Today I read an article on pointing out the positive gap between FTSE100 earnings yield and UK real gilt yields is the highest in years.  Thus, the risk premium for holding UK stocks is high, versus holding risk-free gilts.  Note, the earnings yield referred to is the inverse of the Shiller's PE ratio.  Actual earnings and dividends in 2020 have of course cratered.

Is it time to buy the index?  Looking at the top ten:


Unlike the US based SPX, not a tech firm in sight.  ULVR, AZN, RIO, DGE, GSK are fairly ok companies, but the others look risky on a long-term view.  HSBC earns substantial revenues from Hong Kong, hard to see how that can hold up long term against the Chinese mainland banks.  BATS is under the cosh of ever tightening health regulations globally.  RDSA and BP are in a sunset industry.

What about the next ten spots 11 to 20 ?


Some miners here with BHP, AAL and GLEN.  The rest look fairly lacklustre on the growth front.

My initial hypothesis was the FTSE100 will bounce back in a global search for yield next year.  I was thinking when a Brexit deal is announced the Pound will rise further causing FTSE100 to fade somewhat given the majority of their earnings are abroad.  Then might be the time to buy a few and wait for yield compression to lift the index over the next two years.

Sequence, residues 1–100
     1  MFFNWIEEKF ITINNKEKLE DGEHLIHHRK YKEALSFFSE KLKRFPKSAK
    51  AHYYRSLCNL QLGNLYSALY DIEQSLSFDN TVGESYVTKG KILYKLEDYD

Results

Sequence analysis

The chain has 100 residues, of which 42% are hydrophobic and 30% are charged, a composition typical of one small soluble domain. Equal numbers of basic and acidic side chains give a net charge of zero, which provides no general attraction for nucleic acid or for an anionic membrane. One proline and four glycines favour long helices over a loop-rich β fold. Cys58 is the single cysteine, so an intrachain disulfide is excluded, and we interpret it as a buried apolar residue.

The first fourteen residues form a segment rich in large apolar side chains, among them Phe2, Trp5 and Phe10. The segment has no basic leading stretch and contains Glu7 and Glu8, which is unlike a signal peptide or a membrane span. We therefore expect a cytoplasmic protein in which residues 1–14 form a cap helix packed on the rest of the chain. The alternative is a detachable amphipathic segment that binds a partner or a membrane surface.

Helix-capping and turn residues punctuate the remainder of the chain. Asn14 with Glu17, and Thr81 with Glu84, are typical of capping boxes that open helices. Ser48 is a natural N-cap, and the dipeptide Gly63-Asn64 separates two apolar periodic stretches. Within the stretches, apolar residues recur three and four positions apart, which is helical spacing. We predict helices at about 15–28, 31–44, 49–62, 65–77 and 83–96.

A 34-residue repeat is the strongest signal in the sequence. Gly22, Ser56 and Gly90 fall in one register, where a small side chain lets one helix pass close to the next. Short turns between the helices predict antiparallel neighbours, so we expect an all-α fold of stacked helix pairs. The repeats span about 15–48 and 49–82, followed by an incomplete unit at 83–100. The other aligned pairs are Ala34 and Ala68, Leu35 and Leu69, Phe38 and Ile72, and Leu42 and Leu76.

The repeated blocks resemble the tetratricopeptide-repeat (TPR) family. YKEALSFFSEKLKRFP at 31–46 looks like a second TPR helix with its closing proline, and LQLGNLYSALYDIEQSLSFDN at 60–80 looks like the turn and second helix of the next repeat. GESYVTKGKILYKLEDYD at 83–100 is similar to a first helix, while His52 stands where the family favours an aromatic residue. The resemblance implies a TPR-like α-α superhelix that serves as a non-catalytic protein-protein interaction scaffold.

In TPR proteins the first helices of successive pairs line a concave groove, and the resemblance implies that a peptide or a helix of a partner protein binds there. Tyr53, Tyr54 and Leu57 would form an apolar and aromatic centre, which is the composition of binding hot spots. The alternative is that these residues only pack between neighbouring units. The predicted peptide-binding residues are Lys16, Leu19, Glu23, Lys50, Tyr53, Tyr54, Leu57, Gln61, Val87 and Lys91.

But having looked at the constituents, I’m content to sit on my existing ETFs which are Emerging Markets, Japan and Global Miners.  I think holding miners picks the eyes out of the FTSE100 on a global reflation trade, without buying the rest.

There is an argument for yield hunters to buy RDSA given oil may have a last gasp, renewables will take time and oil capex is in the basement.  I’ve read an economic analysis on the oil market, which argued the lack of capex will hold off supply while the physics around heavy battery packs will keep a lid on EVs for a few years.  I wouldn’t want to be the last one holding the bag though, as long term RDSA is up against Aramco with a marginal cost of production below $10.  When you invest in commodities you want the lower cost providers.

Still, the FTSE100 is cheap on a relative…

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